By Bill Marx
In the spirit of Passover’s four questions, I will ask: Why this play of all plays?
We All Fall Down by Lila Rose Kaplan. Directed by Melia Bensussen. Staged by the Huntington Theatre Company at the Calderwood Pavilion at the BCA, 527 Tremont Street, Boston, MA, through February 16.
Is it a genre or a formula? Who knows? Or cares? The setup is depressingly the same, particularly on American stages, where the domestic dominates. Because it always comes down to family matters, an easy way to whip up a play is to bring relatives together (the sane and the eccentric) via some sort of life crisis — wedding, funeral, sickness, whatever — and then go through the dramedy motions. Some laughs, a few tears, one or two revelations, followed by reassurances at the wrap-up that blood bonds can weather any storm. Love it or hate it, family is the safest dramatic game in town, at least for older theatergoers.
Lila Rose Kaplan’s We All Fall Down, receiving its world premiere by way of the Huntington Theatre Company, clings to the standard format tightly for its 90-minute duration, though from the get-go its central conceit is somewhat unbelievable. It is Passover and a well-off secular intellectual Jewish family in Westchester has gathered for its first seder. Members of the clan act as if they are dealing with some sort of barely remembered, arcane ceremony. Wouldn’t they have been invited to some seders at friends over the years? Would it be that alien an experience?
Anyway, that is the premise for bringing the brood (and others) together: Linda (Eleanor Reissa) is the domineering matriarch, a somewhat inexplicably daffy (she throws her iPhone down the toilet at one point) workaholic family therapist who has written a best-selling book on parenting difficult children. We know she is gifted because Ellen DeGeneres wants her to be a guest on her TV show. Her daughters are contrasting studies in rebellion: Sammi (Liba Vaynberg) is a feminist educator who lives with her (non-Jewish) chef boyfriend on the West Coast and refuses to go to graduate school; Ariel (Dana Stern) is into yoga — nonstop. Saul (Stephen Schnetzer), the patriarch, is a historian who has left his teaching job, is drinking heavily, and has memory problems; his sister Nan (Phyllis Kay) is a left-winger who has no idea why the family has suddenly become devout. A spacey former neighbor Beverly (Sarah Newhouse) provides facile laughs about living alone and clueless in NYC. Filling out the guest list is Ester (Elle Borders), a graduate student who is also Linda’s loyal assistant, though handler might be a better description.
So what happens? You don’t know? Plenty of one-liners, inexplicable costume changes (Linda dresses up as Heidi in one scene and a Star Trek crew member in another), a mental health issue is confronted (though no one dares speak its name), long held secrets are revealed, surprising future plans announced, feuding sisters come together, Linda loosens up, Ester croons Hebrew, etc. Even Beverly is given her (predictable) moment of bluesy humanity. Sammi’s boyfriend, who is bringing the brisket, is stuck in traffic on the highway. None of this rises above sit-com level: Kaplan is not inside her characters but outside, pushing them around for the sake of amusement, of which there isn’t much. So intimations of darkness, particularly given Schnetzer’s wooden performance as Saul, are kicked aside with ease. And why are there no arguments about ideas or causes in a family of Jewish intellectuals? At every seder with brainy types I have ever been to there was political talk. Nada about Israel? Perhaps Kaplan wanted to make sure no one in the audience, no matter where they stand, will be offended?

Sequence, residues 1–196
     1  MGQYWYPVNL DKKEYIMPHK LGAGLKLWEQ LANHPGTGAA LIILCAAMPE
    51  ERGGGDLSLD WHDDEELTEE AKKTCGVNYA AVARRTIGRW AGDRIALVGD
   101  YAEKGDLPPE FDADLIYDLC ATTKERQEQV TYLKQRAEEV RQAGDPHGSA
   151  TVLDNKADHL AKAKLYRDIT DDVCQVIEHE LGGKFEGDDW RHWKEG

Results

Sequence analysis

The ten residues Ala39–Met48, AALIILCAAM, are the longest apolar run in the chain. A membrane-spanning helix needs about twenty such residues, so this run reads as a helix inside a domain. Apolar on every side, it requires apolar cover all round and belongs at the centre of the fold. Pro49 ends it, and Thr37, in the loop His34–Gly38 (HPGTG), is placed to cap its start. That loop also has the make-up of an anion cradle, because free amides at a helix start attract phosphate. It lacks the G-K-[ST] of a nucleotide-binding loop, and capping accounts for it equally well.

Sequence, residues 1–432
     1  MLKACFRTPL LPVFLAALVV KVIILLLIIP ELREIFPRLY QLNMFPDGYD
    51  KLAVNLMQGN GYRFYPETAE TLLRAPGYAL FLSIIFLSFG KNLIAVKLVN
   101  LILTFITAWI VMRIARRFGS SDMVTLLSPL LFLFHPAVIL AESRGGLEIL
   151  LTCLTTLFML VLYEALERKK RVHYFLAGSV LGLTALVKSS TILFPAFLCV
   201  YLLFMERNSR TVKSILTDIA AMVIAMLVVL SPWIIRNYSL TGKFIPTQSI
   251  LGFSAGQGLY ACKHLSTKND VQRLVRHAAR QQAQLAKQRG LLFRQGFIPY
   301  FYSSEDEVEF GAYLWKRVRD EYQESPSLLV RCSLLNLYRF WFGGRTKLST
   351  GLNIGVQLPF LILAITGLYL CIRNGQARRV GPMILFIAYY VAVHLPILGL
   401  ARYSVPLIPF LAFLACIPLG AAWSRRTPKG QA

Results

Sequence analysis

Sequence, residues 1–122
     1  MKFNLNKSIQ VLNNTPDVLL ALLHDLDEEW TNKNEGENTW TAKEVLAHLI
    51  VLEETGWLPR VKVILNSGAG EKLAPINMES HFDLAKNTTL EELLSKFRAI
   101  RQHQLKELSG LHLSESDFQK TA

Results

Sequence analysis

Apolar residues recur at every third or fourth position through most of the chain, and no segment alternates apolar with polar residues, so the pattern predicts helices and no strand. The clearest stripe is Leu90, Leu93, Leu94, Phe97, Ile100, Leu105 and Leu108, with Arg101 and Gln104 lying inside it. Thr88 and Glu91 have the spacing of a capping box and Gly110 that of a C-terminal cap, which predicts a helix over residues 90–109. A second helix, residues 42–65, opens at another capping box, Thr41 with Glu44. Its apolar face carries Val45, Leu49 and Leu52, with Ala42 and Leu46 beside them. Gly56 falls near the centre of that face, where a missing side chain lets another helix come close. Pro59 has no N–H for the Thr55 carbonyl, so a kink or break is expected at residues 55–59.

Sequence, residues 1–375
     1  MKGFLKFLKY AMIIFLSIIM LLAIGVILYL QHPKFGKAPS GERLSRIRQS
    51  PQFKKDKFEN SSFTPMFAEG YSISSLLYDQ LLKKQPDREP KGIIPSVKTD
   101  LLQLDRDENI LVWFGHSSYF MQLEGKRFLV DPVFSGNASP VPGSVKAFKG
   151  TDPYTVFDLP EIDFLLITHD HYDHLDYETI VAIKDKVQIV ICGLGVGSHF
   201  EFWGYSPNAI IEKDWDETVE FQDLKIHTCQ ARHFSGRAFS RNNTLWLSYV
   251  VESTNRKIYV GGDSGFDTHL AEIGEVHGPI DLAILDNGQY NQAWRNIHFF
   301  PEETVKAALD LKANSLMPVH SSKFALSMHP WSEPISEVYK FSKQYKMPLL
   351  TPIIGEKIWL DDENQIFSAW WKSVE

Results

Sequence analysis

All the characters are one-note, so the performers get into a wearying groove and stay there. Reissa never makes Linda’s dizzying contradictions logically plausible or particularly funny. Vaynberg and Stern are fine as her insecure daughters, and you can’t help but admire Phyllis Kay’s astringency — she is true to Nan’s refusal to be drawn into what’s going on around her. Sarah Newhouse does what she can with Beverly, a comic contrivance. Director Melia Bensussen never quite gets the rhythms right — farce, sit-com, melodrama, sentimental goo — it doesn’t coalesce.
In the spirit of Passover’s four questions, I will ask: Why this play of all plays? I occasionally chat with dramatists, including some who have been produced in the Boston area. They assure me there are beautiful new scripts around, thoughtful and well written. (Kaplan may have penned some of them.) Why aren’t they being produced? They are challenging, I am told, and the powers-that-be believe theatergoers do not want to be shaken up — they would rather be entertained and soothed. The HTC has ample talent, intelligence, and resources at its command to stage substantial work — to provide a healthy alternative to the commercial fare pumped out by the American Repertory Theater. But there is no interest in taking a risk. What else explains why we end up with fodder like We All Fall Down, its preordained kitsch climax genuflecting to the “magic” of ritual: the lights go down, Hebrew is heard, truths are spoken, problems are solved, misunderstandings cleared up, and a doorbell rings. Is it the boyfriend? Is it Elijah? It doesn’t matter — as long as one of them is bringing the brisket.
Bill Marx is the editor-in-chief of The Arts Fuse. For over three decades, he has written about arts and culture for print, broadcast, and online. He has regularly reviewed theater for National Public Radio Station WBUR and The Boston Globe. He created and edited WBUR Online Arts, a cultural webzine that in 2004 won an Online Journalism Award for Specialty Journalism. In 2007 he created The Arts Fuse, an online magazine dedicated to covering arts and culture in Boston and throughout New England.